Every week (for ten weeks) we will be releasing an audio podcast edited down from Alan Lightman’s extended conversations with the scientists, philosophers and theologians seen during the broadcast programs. Alan adds introductory and bridging material, and the podcasts also include music from series composer/performer Zoe Keating. Find them here or wherever you get your podcasts. Please listen, learn, respond and share!
Welcome to The SEARCHING Conversations
Alan Lightman introduces SEARCHING Conversations, a companion podcast to the three part series, SEARCHING: Our Quest for Meaning in the Age of Science.
Alan Lightman: “One of my longtime friends is Rebecca Goldstein. Like me, she’s a scientist and a novelist. She started studying physics at university, but switched to philosophy. One of the things she wrote really speaks to me: ‘Science tells us what is. Philosophy tells us what matters.
Rebecca Goldstein: ‘It’s a serious business… being human is a serious business.’
We spoke on an outdoor deck, high up in the Berkeley Hills in California, where she was spending several months.”
Robert Desimone is the Director of the McGovern Institute for Brain Research and the Doris and Don Berkey Professor of Neuroscience at the Massachusetts Institute of Technology. He is a leading expert in mapping how the brain organizes and prioritizes sensory information to inform our decision-making processes. As a self-described “reductionist” he believes that one day, with enough computing power, it will be possible to predict whether any two people will fall in love, and that Artificial Intelligences will become fully conscious.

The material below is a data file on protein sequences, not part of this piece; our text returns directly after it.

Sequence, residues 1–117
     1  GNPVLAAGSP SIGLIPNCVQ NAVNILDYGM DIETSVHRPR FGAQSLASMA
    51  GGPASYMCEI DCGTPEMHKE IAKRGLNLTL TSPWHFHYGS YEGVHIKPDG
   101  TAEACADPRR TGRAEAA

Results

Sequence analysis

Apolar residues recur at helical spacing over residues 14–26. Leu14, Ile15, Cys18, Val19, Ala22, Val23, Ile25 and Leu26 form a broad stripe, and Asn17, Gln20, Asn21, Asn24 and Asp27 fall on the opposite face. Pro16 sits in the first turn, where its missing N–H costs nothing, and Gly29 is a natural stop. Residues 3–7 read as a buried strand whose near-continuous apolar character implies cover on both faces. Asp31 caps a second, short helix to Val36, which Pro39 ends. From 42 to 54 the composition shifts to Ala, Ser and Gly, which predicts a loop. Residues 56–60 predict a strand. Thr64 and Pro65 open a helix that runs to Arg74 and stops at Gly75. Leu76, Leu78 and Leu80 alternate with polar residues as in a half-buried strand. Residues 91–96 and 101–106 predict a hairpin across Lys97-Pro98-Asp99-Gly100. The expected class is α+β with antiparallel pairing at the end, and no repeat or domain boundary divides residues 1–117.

Melissa Franklin was the first woman to chair the Physics department at Harvard. She’s an experimentalist who loves to build instruments and measure things, both wrists and ankles at dinner parties (!) and sub-atomic particles. She works on the giant ATLAS detector at CERN in Switzerland. She’s a very lively conversationalist and turned the tables on Alan a few times in this interview, including asking him if he’d “Push the Button?” You’ll hear how she got started in science, and why she thinks the best physicists are a little “wild,” sometimes behaving like “desperadoes.”